As someone who was taught to cook by her grandmother and spent hours in the kitchen with her during the holidays, I adore Thanksgiving. It is the ultimate cook’s holiday. Despite my grumblings every year that I’m tired of being exhausted in the kitchen and that we are eating at a restaurant, I endure each year and (secretly) enjoy the labor. OK, and I’m a bit of a food snob and control freak and want things done the way I want them done. But there is no doubt that we are always thrilled to feed people when they visit us. And of course, we also like getting them liquored up with good wine.
There is no shortage of opinions on what you should have on Turkey Day, but I have a few things I keep in mind when choosing some wines. First, there is no one perfect wine. There’s a lot going on flavor wise (mustard greens and dirty rice are as much a staple as the turkey and cornbread dressing) so you need something that’s easy drinking but also marries up with a wide range of foods. Which brings me to point number two. Acid is your friend. You don’t want an overly fruity, oaky, buttery wine with all of that rich food. You want a wine with some acidity that’s refreshing and that will cleanse the palate between each succulent bite. Finally, as this is the quintessential American holiday, I like to focus on American wines. Love my Burgundy and Bordeaux, but not on this day.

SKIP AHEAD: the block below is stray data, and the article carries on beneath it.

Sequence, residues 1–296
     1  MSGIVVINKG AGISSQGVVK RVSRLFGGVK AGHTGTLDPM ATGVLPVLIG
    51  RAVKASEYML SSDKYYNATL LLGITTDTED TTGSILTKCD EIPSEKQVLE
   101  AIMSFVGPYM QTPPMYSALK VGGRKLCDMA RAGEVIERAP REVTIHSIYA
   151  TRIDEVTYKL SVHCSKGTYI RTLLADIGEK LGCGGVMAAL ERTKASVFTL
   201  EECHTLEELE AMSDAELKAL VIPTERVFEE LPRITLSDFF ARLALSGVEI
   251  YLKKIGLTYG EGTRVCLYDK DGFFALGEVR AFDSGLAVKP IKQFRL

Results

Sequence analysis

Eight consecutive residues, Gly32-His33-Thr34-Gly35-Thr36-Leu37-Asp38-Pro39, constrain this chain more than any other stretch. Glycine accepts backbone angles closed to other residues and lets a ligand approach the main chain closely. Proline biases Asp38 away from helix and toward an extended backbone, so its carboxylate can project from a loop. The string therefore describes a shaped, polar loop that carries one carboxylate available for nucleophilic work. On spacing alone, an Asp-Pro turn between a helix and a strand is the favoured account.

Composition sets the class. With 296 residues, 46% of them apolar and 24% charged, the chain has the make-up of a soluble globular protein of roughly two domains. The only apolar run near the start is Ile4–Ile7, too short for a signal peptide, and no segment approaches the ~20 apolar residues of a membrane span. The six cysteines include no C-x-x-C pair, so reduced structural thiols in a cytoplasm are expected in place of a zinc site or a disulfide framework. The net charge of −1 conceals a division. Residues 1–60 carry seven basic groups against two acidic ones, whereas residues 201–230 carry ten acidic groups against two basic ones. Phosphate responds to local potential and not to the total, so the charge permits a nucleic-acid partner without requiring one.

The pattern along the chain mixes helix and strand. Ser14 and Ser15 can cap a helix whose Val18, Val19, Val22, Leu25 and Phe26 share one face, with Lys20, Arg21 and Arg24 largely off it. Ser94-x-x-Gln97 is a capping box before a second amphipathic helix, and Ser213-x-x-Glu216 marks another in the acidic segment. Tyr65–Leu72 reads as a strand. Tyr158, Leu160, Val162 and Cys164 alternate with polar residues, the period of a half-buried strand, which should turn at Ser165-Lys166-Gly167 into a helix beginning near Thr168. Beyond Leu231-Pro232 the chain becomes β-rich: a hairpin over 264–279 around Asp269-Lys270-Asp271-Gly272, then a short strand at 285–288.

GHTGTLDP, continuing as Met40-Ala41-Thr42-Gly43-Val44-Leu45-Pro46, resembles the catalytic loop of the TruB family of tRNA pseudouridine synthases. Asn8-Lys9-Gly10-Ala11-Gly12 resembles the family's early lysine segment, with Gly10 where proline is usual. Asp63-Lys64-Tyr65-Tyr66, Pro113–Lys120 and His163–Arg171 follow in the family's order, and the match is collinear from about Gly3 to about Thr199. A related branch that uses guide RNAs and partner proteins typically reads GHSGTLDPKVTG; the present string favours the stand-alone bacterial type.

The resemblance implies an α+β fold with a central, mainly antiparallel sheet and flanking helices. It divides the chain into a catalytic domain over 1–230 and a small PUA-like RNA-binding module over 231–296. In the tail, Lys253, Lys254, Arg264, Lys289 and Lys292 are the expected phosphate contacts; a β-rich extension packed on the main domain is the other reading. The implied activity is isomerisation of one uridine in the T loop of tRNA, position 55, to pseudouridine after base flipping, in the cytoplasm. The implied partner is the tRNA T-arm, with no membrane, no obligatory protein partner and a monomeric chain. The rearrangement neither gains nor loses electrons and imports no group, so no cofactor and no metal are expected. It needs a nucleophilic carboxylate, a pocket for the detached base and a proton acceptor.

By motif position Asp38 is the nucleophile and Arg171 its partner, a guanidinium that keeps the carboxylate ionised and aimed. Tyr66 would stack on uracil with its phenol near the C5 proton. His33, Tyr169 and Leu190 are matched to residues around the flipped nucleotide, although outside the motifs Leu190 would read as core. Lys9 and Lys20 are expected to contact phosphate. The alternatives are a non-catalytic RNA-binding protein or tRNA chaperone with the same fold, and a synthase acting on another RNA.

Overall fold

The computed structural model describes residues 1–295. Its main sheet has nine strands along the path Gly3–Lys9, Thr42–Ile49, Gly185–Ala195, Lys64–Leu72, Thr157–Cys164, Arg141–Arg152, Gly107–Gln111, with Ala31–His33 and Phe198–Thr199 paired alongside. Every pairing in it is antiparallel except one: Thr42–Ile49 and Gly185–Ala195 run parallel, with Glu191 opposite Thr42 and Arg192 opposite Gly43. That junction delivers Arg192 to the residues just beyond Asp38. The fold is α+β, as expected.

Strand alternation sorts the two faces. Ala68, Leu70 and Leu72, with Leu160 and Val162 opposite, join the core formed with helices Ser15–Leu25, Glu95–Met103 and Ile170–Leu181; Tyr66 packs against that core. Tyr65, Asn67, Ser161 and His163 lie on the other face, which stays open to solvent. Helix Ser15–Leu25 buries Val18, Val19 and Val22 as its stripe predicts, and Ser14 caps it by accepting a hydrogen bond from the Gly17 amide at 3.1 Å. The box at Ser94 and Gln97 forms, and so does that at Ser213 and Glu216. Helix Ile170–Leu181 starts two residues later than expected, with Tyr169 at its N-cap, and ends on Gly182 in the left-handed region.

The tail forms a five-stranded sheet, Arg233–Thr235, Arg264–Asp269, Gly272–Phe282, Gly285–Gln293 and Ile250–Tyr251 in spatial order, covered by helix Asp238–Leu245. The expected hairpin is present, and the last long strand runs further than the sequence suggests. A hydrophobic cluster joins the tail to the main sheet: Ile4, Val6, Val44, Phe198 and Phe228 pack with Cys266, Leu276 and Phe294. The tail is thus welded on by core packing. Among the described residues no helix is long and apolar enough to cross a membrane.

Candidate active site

Yes, lots of people talk about drinking Pinot with Thanksgiving and for good reason. Depending on the style you get, it’s a versatile wine that goes with a wide range of foods. I absolutely love Pinot Noir from Oregon for Thanksgiving as it tends to have good acidity and is more earthy and less fruit forward. Two I recommend (one a bit of a splurge and the other a bit more budget friendly) are
Beaux Freres Pinot Noir, Freres Vineyard, Oregon (~$90)
Willamette Valley Vineyards Whole Cluster Pinot Noir, Oregon (~$20)
If you’re looking for a white wine, I’d go with a nice, crisp Riesling. And we’re talking the dry to off-dry version, not its sweet cousin. Like our friend Pinot Noir, this will offer up some nice acidity to balance that heavy cornbread dressing (not stuffing – it’s a Southern thing). Two to check out include
Chateau Ste Michelle Eroica Riesling, Washington (~$20)
Dr. Konstantin Frank Dry Riesling, New York (~$16)
Don’t forget about the bubbly. Sparkling wine is probably hands down, the best wine to pair with food. It really does go with just about everything. I’m just sad it took me so long to figure it out. If someone else is cooking for you, you owe it to them to bring them a bottle! In this case you go high end or a little more budget friendly and won’t go wrong in either case.
Iron Horse Classic Vintage Brut, California (~$35)
Gruet Brut Rose Sparkling, New Mexico (~$16)
Oh, but what about dessert? OK, so I sometimes break my All-American rule and go with some Sauternes from France. Sauternes and sweet potato pie is divine! You could also go with Riesling’s sweeter cousin and choose a late harvest wine, but don’t be afraid to keep on sipping your bubbly as well.
Cheers and Happy Thanksgiving!